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January 20, 2021 at 09:44AM
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Search Suspended For Fremont Boy Swept To Sea At Half Moon Bay Beach - CBS San Francisco

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Selasa, 19 Januari 2021

Search suspended for 12-year-old swept out to sea - San Francisco Chronicle

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After searching into the early morning, then again after sunrise Tuesday, the U.S. Coast Guard called off its search Tuesday morning for a 12-year-old Fremont boy who was swept out to sea from a Half Moon Bay beach Monday.

The 12-year-old, his father and his 8-year-old brother were sitting on the sand at Cowell Ranch State Beach when a rogue wave hit them and dragged them into the ocean around 3:42 p.m. The strong surf and churning high waves roughed up the younger boy and the father and tossed them back on the shore while dragging the 12-year-old out to sea.

Friends and family members set up a Facebook page to help in the search for the boy, identifying him as Arunay Pruthi.

Arunay’s disappearance is the latest in a series of tragic “sneaker wave” incidents along the Bay Area coast. Since the start of the year, at least four people have been swept to sea from San Mateo County to Sonoma County. Several more have been rescued from the cold ocean waters and waves taller than 20 feet.

Dangerous surf conditions are common along the Bay Area coasts, particularly in San Mateo County. But the waves can be higher and the undertow stronger during the winter months when high surf warnings frequently occur. Rogue waves, unexpectedly large waves also known as sneaker waves, are always a threat.

“It’s almost become a cliché,” said Lt. Toni Pehrson, a Coast Guard spokeswoman. “But never turn your back on the waves. It is definitely a good idea to keep an eye on what’s happening and to pay attention to your kids.”

Search teams from the Coast Guard, the San Mateo County Sheriff’s Department, Cal Fire, California State Parks and the California Highway Patrol used boats, helicopters, drones and thermal imaging devices to search for Pruthi until about 1 a.m.

“They were out there well into the night,” said Rosemerry Blankswade, a spokeswoman for the sheriff’s department. “But they did not find him.”

Pehrson said the search was suspended around 10:30 a.m. and will be resumed if the agency receives any tips.

Arunay’s family is continuing to search, distributing posters with his image and contact information, and is asking for volunteers who will help comb the coastline on foot or using drones.

“We’re looking for volunteers, drone operators, anyone who can help locate him,” said his aunt, Seema Sangwan, who was at the beach when the incident happened. “We’re just hoping to recover him, whatever state he is in.”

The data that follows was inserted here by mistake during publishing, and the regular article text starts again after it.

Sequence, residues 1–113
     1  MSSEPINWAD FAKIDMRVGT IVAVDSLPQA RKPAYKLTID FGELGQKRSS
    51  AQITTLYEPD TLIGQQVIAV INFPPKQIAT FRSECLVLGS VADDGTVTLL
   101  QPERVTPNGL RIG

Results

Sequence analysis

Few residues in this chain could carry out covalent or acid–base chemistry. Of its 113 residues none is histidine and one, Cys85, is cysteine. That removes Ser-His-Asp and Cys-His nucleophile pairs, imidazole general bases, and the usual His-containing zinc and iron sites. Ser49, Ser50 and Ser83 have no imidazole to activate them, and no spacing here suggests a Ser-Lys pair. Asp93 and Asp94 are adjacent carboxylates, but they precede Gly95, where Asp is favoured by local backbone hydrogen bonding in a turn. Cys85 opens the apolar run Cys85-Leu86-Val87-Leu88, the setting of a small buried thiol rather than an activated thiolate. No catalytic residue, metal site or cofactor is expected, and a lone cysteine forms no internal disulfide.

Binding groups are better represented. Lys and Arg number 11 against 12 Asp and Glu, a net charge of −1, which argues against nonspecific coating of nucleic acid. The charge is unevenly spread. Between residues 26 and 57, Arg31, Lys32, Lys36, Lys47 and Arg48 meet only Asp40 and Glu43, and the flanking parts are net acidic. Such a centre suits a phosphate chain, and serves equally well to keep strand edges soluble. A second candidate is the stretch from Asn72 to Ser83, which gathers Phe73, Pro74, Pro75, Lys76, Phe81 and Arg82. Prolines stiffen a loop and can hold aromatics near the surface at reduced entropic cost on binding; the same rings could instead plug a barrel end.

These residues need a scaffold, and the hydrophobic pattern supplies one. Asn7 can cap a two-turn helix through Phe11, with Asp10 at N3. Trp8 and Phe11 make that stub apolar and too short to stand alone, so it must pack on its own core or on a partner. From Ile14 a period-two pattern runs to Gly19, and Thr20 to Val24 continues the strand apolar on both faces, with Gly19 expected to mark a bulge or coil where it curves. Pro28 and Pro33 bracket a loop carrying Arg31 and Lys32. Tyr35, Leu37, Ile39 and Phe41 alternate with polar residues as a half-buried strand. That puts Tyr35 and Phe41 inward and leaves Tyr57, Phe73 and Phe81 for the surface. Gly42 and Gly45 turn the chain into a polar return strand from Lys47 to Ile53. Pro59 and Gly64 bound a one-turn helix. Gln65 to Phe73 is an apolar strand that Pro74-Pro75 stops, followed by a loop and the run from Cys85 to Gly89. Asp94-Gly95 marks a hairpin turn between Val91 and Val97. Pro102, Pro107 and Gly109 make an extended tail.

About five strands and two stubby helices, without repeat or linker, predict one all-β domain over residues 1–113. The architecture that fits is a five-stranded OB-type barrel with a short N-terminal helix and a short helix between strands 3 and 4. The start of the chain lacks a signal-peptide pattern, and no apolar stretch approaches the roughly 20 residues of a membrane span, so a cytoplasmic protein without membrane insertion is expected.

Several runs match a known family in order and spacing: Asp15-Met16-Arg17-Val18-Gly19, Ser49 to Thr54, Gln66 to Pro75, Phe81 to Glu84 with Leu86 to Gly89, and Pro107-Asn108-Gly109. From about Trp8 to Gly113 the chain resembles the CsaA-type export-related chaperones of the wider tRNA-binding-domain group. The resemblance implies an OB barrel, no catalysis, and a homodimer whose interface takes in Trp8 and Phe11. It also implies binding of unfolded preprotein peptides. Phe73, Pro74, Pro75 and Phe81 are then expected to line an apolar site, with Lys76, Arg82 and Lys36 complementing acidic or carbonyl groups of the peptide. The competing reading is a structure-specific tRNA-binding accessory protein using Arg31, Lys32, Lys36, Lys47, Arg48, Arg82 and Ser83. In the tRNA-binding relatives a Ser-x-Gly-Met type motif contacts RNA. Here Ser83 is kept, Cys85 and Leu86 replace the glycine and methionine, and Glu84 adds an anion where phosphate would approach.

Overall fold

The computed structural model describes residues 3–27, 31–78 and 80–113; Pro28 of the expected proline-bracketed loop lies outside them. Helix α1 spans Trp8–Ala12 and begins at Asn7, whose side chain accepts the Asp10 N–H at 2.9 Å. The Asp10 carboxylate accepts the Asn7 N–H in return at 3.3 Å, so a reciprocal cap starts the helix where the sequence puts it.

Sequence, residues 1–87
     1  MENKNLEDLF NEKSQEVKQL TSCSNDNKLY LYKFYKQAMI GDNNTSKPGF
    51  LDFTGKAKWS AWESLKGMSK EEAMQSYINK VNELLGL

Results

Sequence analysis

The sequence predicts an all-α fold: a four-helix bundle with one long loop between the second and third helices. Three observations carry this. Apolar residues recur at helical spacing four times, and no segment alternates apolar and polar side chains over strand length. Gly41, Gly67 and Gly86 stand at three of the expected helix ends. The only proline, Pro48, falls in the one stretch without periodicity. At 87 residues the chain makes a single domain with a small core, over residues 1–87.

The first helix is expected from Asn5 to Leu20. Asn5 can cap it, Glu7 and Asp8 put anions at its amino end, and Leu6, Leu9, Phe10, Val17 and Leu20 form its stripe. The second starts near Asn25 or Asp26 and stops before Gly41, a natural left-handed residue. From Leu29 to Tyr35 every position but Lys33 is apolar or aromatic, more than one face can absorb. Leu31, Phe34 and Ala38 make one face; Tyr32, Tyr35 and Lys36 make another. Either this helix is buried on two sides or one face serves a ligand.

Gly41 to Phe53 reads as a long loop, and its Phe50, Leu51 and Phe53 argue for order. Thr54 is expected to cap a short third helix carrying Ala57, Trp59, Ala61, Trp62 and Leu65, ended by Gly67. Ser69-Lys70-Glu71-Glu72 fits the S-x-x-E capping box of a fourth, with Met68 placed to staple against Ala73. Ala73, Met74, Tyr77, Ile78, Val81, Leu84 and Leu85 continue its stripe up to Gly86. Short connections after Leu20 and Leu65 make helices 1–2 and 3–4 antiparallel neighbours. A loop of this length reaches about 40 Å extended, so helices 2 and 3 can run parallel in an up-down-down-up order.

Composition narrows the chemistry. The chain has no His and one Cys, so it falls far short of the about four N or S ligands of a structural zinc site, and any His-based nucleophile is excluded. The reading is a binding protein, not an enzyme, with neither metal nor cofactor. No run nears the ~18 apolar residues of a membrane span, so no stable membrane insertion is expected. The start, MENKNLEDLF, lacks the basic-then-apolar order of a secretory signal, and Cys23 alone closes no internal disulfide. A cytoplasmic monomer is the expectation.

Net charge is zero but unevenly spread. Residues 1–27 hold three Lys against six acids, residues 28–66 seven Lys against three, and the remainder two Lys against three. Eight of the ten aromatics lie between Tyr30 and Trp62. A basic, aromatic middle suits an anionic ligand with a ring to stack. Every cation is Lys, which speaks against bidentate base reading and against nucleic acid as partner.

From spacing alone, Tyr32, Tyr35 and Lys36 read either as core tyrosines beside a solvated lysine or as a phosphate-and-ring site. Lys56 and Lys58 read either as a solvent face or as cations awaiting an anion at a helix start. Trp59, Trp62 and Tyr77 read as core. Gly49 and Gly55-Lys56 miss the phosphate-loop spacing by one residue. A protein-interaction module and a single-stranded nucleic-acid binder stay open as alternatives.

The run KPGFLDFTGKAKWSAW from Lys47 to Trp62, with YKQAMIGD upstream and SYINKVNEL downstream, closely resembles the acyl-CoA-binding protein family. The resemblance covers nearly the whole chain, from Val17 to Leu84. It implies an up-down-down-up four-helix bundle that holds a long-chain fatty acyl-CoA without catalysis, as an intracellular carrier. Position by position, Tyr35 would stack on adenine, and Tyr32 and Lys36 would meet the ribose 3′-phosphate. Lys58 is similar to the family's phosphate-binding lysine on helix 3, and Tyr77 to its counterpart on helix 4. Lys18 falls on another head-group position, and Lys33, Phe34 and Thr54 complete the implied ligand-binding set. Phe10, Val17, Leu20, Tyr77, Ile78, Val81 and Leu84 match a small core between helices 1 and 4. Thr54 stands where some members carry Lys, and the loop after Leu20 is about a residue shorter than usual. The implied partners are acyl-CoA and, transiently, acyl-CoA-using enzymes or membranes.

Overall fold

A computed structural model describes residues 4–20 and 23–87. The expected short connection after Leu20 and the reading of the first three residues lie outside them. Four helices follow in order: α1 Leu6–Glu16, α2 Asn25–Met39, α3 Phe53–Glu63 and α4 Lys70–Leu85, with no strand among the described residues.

Authorities said the group was sitting or standing on the beach when an unexpectedly large wave smacked into them and pulled them to sea. Other beachgoers immediately called 911; the father and younger boy were able to struggle back to shore. According to authorities, rescue crews briefly spotted the boy about 100 yards offshore before the waves dragged him under.

Sangwan said the family hopes the Coast Guard will resume the search.

Arunay’s disappearance was the second on the San Mateo County Coast in a little more than a week. On Jan. 10, a couple fishing were swept from their perch on rocks at Pescadero State Beach. The husband was able to make it back to shore, but the wife is still missing.

A 40-year-old man died earlier this month trying to save his two children who were caught in a sneaker wave in Sonoma County and are presumed dead. A San Jose man in his 30s was rock scrambling in the Marin Headlands on Sunday when he was pulled into the ocean by a sneaker wave and remains missing.

Chronicle staff writer Vanessa Arredondo contributed to this report.

Michael Cabanatuan is a San Francisco Chronicle staff writer. Email: mcabanatuan@sfchronicle.com Twitter: @ctuan

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January 20, 2021 at 05:15AM
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Search suspended for 12-year-old swept out to sea - San Francisco Chronicle

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Parents heartbroken boy swept out to sea - KTVU San Francisco

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January 20, 2021 at 03:17AM
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Parents heartbroken boy swept out to sea - KTVU San Francisco

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Sea shanties show TikTok is the global proving grounds for culture - Fortune

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January 20, 2021 at 12:46AM
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Sea shanties show TikTok is the global proving grounds for culture - Fortune

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Dinosaur-era sea lizard had teeth like a shark - Science Daily

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New study identifies a bizarre new species suggesting that giant marine lizards thrived before the asteroid wiped them out 66 million years ago.

A new species of mosasaur -- an ancient sea-going lizard from the age of dinosaurs -- has been found with shark-like teeth that gave it a deadly slicing bite.